In England, right now, people are genuinely excited by the progress of the Lionesses to tomorrow's semi-final against the USA. The country is gripped by another "it's coming home" feeling, like that of two years ago when England's men made it to the semi-final.
it's great timing for the tournament too. In the UK, new ad rules now mean advertisers cannot rely on lazy stereotypes and there is a general drive to improve gender balance within business to ensure that gender pay gaps move in the right direction.
Everything seems perfectly aligned for advertisers spending budget on this breakthrough event.
However, just as the country is gripped by the Lionesses, Kantar's report suggests that none of the advertisers associating themselves with the event are doing a particularly good job, which made me think that I couldn't really recall an ad that caught the public's attention, as usually happens with the men's World Cup.
It's important to note that in the UK, the games are on the BBC and so do not have ad breaks or slots for sponsors' idents. This means the awareness that a brand is involved in the competition must come through other channels.
According to Kantar, however, this lack of being able to advertise before, during or after the game is not the big issue. The thing brands are getting wrong is that even during the ad, people are not sure who the brand is.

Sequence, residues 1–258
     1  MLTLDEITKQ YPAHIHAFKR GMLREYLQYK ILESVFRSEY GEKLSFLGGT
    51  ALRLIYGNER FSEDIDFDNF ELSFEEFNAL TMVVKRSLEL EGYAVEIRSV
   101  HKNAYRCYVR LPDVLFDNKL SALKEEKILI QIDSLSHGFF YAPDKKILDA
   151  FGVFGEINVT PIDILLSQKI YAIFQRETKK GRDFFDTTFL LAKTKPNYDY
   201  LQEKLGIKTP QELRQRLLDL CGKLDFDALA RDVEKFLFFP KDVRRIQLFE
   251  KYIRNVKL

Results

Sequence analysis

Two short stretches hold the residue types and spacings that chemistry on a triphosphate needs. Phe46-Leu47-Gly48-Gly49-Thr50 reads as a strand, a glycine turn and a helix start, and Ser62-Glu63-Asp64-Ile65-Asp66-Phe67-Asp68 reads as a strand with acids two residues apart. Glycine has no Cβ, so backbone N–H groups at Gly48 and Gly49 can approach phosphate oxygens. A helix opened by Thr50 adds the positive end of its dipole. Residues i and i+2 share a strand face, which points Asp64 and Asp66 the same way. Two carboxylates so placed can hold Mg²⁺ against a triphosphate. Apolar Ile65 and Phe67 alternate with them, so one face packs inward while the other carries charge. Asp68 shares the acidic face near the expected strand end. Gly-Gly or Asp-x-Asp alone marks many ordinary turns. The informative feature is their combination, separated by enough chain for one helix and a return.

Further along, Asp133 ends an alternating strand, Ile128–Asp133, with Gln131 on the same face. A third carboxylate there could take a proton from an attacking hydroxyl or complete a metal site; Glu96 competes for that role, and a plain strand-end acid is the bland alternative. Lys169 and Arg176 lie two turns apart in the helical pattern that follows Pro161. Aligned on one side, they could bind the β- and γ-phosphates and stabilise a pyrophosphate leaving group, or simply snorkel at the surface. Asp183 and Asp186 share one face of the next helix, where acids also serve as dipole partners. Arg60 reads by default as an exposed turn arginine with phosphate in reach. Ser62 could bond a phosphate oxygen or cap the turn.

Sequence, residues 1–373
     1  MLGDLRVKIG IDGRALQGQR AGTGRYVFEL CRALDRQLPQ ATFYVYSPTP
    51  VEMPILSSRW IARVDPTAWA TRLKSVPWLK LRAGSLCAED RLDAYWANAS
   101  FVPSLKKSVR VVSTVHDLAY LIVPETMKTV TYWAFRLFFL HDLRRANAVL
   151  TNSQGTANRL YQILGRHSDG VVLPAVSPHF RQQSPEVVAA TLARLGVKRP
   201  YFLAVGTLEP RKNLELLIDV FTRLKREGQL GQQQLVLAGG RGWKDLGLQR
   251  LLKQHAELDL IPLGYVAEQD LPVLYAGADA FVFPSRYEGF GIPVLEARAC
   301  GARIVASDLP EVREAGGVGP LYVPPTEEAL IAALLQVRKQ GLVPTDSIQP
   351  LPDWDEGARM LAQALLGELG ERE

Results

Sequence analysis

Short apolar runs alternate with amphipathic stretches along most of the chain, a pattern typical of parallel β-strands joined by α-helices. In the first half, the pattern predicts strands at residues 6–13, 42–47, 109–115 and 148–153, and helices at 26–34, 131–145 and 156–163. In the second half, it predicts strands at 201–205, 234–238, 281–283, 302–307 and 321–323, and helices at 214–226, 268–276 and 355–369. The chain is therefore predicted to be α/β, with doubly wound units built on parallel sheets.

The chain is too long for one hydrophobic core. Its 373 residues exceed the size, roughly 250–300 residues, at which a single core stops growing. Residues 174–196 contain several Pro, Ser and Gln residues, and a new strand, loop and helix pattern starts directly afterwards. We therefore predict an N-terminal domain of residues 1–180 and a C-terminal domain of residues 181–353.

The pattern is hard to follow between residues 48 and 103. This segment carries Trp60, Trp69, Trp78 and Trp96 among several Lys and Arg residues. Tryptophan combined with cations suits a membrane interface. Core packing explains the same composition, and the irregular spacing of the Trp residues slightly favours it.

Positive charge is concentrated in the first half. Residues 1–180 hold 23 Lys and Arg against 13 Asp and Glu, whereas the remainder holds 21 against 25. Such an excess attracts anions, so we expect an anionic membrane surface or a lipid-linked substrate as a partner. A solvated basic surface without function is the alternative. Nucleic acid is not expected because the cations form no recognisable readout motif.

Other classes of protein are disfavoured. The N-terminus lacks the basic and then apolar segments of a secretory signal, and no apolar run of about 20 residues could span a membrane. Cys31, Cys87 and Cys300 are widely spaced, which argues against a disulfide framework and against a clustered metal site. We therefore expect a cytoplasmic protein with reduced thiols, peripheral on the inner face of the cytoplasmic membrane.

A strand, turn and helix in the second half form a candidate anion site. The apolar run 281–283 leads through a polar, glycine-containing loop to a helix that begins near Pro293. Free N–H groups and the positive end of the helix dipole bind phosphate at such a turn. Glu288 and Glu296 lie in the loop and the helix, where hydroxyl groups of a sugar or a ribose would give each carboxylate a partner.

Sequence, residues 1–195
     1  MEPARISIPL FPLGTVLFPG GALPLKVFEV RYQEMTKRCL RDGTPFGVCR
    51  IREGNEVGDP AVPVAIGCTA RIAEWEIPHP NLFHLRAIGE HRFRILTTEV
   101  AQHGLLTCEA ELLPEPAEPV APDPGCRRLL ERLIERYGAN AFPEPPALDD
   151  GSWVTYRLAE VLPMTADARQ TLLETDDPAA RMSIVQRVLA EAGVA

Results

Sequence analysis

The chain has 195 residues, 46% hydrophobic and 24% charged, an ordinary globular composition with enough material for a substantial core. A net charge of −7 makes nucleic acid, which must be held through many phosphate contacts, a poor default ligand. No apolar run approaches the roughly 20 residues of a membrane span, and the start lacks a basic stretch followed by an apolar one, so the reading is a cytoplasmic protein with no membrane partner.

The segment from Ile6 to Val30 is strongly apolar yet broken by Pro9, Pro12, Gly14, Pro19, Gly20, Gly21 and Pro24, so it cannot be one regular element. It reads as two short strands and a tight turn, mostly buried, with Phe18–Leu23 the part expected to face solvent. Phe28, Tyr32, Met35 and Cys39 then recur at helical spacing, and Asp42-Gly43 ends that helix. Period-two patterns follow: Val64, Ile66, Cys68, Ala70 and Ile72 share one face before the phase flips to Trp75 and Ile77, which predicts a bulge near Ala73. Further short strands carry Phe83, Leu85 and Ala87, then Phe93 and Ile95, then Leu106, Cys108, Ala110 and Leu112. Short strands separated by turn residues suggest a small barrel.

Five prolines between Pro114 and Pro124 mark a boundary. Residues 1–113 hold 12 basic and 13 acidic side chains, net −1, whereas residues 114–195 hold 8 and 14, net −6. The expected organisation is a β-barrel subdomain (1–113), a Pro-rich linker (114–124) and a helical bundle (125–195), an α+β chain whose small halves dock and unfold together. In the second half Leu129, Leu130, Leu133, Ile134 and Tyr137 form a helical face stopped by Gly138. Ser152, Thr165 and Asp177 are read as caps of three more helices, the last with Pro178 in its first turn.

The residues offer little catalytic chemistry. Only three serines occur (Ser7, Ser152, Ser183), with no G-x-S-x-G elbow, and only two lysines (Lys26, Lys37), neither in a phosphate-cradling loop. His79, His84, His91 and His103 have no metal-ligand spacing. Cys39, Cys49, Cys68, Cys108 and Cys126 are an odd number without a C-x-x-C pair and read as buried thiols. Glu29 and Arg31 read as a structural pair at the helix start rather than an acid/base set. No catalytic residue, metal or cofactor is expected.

Their conclusion is that if you don't even know which brand is advertising during their slot, the chance of you remembering them later on, and potentially becoming a customer, are pretty slim.
The research company is not slamming the advertisers completely, however. One potential reason for a surprisingly low level of brand recognition, and hence recall, is that the ads were engaging and so people got involved more in the content than the name bringing them the content.
Individual scores are not being revealed, but ads from Nike, Lucazade Sport and Budweiser were the most enjoyable, while those from the BBC (advertising their coverage) and Head & Shoulders were the least enjoyable.
Interestingly, the research showed the same levels of enjoyment and engagement regardless of gender or interest in football, meaning the ads were enjoyed to the same level whether someone was male or female, although they failed to strike a chord when it comes to recognition and recall.
This was attributed to the brand's focus on gender and societal issues without putting much branding in the ad itself, usually stick to just a logo right at the end. The only brand that avoided this trap was Coca-Cola.
Overall, the message from the research is that football is all about the love of the game and the fun of playing and watching it. The brands involved in the Women's World Cup have steered more to empowerment messages for women -- which is completely understandable -- but lack a passion for the love of the game because they focus on societal issues.
The advertisers have clearly tried to do the right thing, but according to Kantar, they have not left women feeling more empowered, and haven't left football fans excited by the spectacle of a World Cup.